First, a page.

That could be sidestepped by not having any deferments whatsoever. Of course, our rich and powerful fathers can call in a few markers with the politicians and get Junior a nice, cushy staff job far from the fighting (as FDR did for his son as did Abe Lincoln before him), but even so, at least then the parents will still be forced to acknowledge the geopolitical and military realities of the day rather than simply worrying about how this war or that conflict or some other police action affects the stock prices.

  • William H. Stoddard

    Steven R: I was IN college during the later years of the Vietnam War (1968-1973). I remember well when it was announced that college deferments had been abolished, and all students were assigned draft lottery numbers based on their birthdate. Fortunately for me, my number was high enough so that I was never called in. But that was definitely the era when male college students talked of emigrating to Canada. It took more than good grades to avoid the draft.

  • Johnathan Pearce

    Aetius: Kirk, the British navy relied on the pressgang during the Napoleonic wars. Even so, those wars were worth fighting, and Britain was worth saving.

    Don’t forget another approach: the “carrot” of prize money along with the “stick” of the press. For quite a few lucky sailors and officers, they got seriously rich. The prize money system was an offshoot of the legalised piracy that Elizabeth 1, and other monarchs and UK governments, used to go after France, Spain, etc. It was the mercenary, enterprise angle of warfare that still surpises those who haven’t heard of it. Also, for all the harshness of life on RN ship (although captains varied in their approaches), in most cases life on board a ship was superior to that on dry land for a lot of people: three square meals a day, adventure, clean living quarters, a daily shot of grog with lime juice to prevent scurvy, a sense of cameraderie, and the possibility of beating the French in battle and making some money. The big mutinies that happened in the early 19th century were not usually about brutal discipline, which was accepted with a shrug of the shoulders, but late pay, and terrible rations.

    Several of my ancestors were navy men. Hard as nails and god help you if you played them at cards or tried to out-drink them.

  • TxTransplant

    In response to Steven R’s comment that a draft causes the rich and connected to “apply political pressure to The Powers That Be to not get us sucked into quagmires”:

    The United States had a draft from 1940 – 1973. During that time, the powers that be got the U.S. involved in:
    – World War II (1941 – 1945)
    – Greek Civil War (1946 – 1949)
    – Korean War (1950 – present)
    – Lebanon (1958)
    – Vietnam (1955 – 1975)
    – Dominican Republic (1965)

    The United Kingdom had a draft from 1939 – 1960. During that time, the powers that be got the U.K. involved in:
    – World War II (1941 – 1945)
    – Greek Civil War (1946 – 1949)
    – Malayan Emergency (1948 – 1960)
    – Korean War (1950 – 1953)
    – Mau Mau Rebellion (1952 – 1960)
    – Suez Crisis (1956)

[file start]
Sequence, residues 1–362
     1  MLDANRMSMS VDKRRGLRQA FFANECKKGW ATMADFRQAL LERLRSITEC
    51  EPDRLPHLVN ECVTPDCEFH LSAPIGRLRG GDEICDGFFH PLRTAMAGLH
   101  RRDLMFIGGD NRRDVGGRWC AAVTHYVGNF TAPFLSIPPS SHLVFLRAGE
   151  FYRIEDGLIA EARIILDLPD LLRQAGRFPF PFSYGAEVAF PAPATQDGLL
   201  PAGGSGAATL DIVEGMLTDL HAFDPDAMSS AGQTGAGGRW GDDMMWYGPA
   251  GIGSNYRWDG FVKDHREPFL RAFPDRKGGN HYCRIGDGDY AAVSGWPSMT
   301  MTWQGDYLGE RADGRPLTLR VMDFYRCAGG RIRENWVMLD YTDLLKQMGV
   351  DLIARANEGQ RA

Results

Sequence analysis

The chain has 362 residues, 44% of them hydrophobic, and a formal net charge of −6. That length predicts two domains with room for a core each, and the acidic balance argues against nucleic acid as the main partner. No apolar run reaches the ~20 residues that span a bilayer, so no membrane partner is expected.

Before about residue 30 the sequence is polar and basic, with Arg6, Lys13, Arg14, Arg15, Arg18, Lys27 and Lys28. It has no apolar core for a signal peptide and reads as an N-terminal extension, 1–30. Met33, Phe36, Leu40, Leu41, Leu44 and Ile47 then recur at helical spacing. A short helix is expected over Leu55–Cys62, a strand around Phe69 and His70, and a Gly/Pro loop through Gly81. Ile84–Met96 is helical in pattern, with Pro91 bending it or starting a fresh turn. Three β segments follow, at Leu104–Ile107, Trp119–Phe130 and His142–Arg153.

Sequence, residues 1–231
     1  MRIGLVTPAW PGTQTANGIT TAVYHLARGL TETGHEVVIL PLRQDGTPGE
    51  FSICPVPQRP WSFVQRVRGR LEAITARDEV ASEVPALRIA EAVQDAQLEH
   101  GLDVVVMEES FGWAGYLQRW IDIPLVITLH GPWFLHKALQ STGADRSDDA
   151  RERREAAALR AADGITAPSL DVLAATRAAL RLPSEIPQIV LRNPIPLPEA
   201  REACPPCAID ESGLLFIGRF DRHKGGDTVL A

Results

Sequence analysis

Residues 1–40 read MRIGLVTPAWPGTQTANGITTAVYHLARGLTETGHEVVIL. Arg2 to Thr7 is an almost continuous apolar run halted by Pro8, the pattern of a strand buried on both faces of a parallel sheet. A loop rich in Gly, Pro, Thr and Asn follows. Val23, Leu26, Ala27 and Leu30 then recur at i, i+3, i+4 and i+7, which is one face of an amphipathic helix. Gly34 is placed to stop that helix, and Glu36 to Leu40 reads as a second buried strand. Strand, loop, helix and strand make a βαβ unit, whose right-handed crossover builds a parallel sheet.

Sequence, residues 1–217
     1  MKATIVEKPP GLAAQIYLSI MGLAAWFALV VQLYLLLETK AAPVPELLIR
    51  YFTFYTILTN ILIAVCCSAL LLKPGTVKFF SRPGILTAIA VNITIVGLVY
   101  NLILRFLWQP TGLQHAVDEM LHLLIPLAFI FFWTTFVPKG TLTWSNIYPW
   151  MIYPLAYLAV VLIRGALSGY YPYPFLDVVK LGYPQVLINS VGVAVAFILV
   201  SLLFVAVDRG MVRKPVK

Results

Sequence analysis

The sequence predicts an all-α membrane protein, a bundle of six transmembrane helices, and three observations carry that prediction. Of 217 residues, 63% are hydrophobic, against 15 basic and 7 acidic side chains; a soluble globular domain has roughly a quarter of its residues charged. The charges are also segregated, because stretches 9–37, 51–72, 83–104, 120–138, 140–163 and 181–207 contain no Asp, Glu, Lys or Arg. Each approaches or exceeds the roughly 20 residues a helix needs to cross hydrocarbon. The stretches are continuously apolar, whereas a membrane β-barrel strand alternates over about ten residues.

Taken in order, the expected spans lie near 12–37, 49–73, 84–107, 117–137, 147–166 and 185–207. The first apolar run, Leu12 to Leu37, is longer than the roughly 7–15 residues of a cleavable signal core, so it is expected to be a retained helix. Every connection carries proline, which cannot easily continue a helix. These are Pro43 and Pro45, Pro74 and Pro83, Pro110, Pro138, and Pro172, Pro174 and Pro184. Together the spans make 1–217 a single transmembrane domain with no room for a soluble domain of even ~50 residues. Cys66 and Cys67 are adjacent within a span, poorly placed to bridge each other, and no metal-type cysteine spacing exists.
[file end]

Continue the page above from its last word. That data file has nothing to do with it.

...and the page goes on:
The French Republic had a draft from 1905 – 1996. During that time, the powers that be got the French involved in:
    – World War I (1914 – 1918)
    – World War II (1939 – 1945)
    – Indo-China War (1947 – 1954), although conscripts did not serve in the combat zones
    – Algerian War of Independence (1954 – 1962)
    – Suez Crisis (1956)
    – Various continuing interventions throughout Africa following the independence of France’s African colonies (1960 – present)

    Basically, the presence of a draft does not deter a country’s political leadership from getting into ill-advised police actions/gunboat diplomacy/military adventures around the world. Reinstating conscription won’t stop misguided foreign policy, aside from considerations that it is basically forced labor and therefore an affront to all liberty loving individuals.

    Even if no deferments are allowed and rules are set in place to ensure that the connected don’t get to game where their progeny end up (either behind a desk or behind a rifle), it still won’t matter because the rich and powerful are a much smaller proportion of the population than anyone else. The risk that one of their children will have to climb some god-forsaken hill under artillery fire is still low enough that I don’t think conscription would serve as a deterrent effect.

  • Steven R

    Fair enough and I’ll walk that one back.

  • JJM

    There’s nothing wrong with military conscription per se. It will be as effective – or as ineffective – as the methodology applied to conscript intake, training, employment and terms of service.

    However, I do think it ought to be reserved for truly existential national emergencies* i.e., general war where there is a need to mobilize all capabilities in defence of the nation.

    Regarding conscription for civic service, I’m afraid I agree with Samizdata here: it would become a mass levée to furnish cheap labour in the service of wokery.

    * Which “climate change” is not.

  • BenDavid

    This is a huge issue here in Israel – as it probably would be in any country under threat. The Left is using the exemption from army service that is granted to religious seminarians as a political and social wedge.

    The army has said that Israel’s population is now large enough that not all need serve – but the days of scrappy self-defense are still fresh in lived memory and military service is part of Israeli identity and collective ethos.

    (Lest anyone mistakenly conclude that the Israeli left is patriotic – they are simultaneously undermining the army by pushing feminist and LGBTQXYZ integration into combat units. And still undercutting our’s justified self-defense on the world stage… Just like your Lefties).

  • bobby b

    Just what we need: a herd of conscripts wandering around enforcing pronouns-of-choice, lecturing pickup truck owners about climate change, and delivering absentee ballots to everything that moves. That’s what our current PTB would have them doing. They would be progressive shock-troops.